Cast your mind back just five years ago when e-bikes barely existed, supermarket home deliveries weren't a thing and My Food Bag was still a start up. Five years ago courier volumes were about 50% lower than today.
With cities around the world putting emissions bans in place for diesel and internal combustion engine vehicles it makes sense for businesses to look at cleaner efficient alternative methods of delivery.
Traffic congestion is a big issue for city centres. The average speed in Manhattan is under 5 mph (8 Kph), London, Paris and Shanghai are around 7 Mph (10 Kph). This means for central cities at least, vans and light trucks are not a fast delivery method, especially when parking or available loading zones are taken into account.
In a recent (pre-COVID) trip to New York I was bowled over by the amount of courier van traffic in Manhattan. I was also surprised by the amount of cargo cycle e-bike deliveries on the roads. The former clogged up the side streets with their bulk and double parking, the latter used cycle-lanes and often operated in a not seen before 'e-bike tows an e-trailer' combinations, for supermarkets, upmarket delis, Uber eats, UPS, Amazon and Fed-Ex. Notably Manhattan doesn't use cargo e-bikes because of legislation; they are used because they are quicker, cheaper and cleaner to operate (although their is legislation to assist with the adoption of cargo bikes).
Around the world large cities are trying to make their cities a nicer place for business and the people that work there. Typically this means more pedestrianisation, and more restrictions on vehicles, private and commercial, plus measures to combat air pollution. What large overseas cities do today, New Zealand cities will do tomorrow.
Enter the role of micro-mobility. This catch all phrase for anything from a e-scooter to an e-bike to an electric or pedelec cargo van will transform inner city deliveries. There are a lot of new players piling in to disrupt the market. Interestingly in New Zealand, NZ Post went from a fleet of postie powered vehicles, the humble bicycle, to fully electric Paxsters, and in the process managed to get legislation amended to allow them to use Quadricycles here (which are outlawed for everyone else in New Zealand). But internationally businesses are migrating into a new classification of delivery vehicle, which are already legal. Small cargo vans, that are a cross between an e-bike and a small delivery van.
These vehicles make perfect sense. They are clean and green. They are hyper efficient because part of the motive power is the driver, and the main mover is an electric motor. They are small, don't need a WOF or registration (in most markets), or a licence. They have few moving parts, so maintenance is low and are small enough that they can use cycle lanes, which are an integral part of most major cities.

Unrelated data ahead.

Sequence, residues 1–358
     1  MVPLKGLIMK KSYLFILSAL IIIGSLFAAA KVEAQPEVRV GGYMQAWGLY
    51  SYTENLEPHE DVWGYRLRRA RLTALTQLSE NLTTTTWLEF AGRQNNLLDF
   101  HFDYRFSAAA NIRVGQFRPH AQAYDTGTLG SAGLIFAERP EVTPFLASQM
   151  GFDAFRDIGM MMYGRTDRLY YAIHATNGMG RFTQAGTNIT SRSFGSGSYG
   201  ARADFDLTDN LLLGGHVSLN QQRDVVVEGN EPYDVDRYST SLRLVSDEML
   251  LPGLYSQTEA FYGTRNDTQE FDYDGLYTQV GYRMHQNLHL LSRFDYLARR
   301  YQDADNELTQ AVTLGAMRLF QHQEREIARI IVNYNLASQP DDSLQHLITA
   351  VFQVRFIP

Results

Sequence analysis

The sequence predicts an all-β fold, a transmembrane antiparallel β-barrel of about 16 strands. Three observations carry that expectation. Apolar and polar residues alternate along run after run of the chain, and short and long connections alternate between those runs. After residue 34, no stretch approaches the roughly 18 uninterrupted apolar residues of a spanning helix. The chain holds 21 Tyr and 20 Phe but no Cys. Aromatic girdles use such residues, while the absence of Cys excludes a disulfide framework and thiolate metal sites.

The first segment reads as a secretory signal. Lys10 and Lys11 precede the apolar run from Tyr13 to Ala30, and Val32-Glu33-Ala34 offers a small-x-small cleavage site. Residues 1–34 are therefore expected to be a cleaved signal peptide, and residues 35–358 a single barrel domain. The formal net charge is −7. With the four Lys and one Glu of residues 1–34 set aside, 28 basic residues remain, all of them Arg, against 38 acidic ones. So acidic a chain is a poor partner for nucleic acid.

Cargo bikes or pedelecs won't suit all applications. A recent study in the Netherlands showed that eCargo vans could be used for around 20% of deliveries, lowering delivery costs, speeding delivery times, helping clean city air and therefore transforming the cities they operate in. But change won't be easy or overnight. As a Geoff Gilbert, Senior Manager Operations at FedEx Canada said, "We've been delivering by truck and van for 40 years....So this is a very big shift for us".
Here is Boost Auto's top 5 enablers for the adoption of cargo bikes in New Zealand:
CEO and board level consensus (we have the need, do companies have the will power to change?)
Increased adoption of bike lanes. Auckland, Wellington and Christchurch are being transformed by bike lanes. Cargo bikes can utilise them further, and take traffic off the roads.
Consumer pressure. Is it really suitable that your parcels are delivered by a Euro 4 or Euro 5 diesel powered van?
Foodstuffs show the way; Foodstuffs North Island and South Island (surprisingly two separate entities) are huge operations in New Zealand. Leadership here would pave the way for many other businesses.
Tax breaks for e-Cargo bikes. As we have seen with electrification, there is a cost of adoption. The economic case for delivery is clear, but infrastructure changes, and training and mind-set change all take time.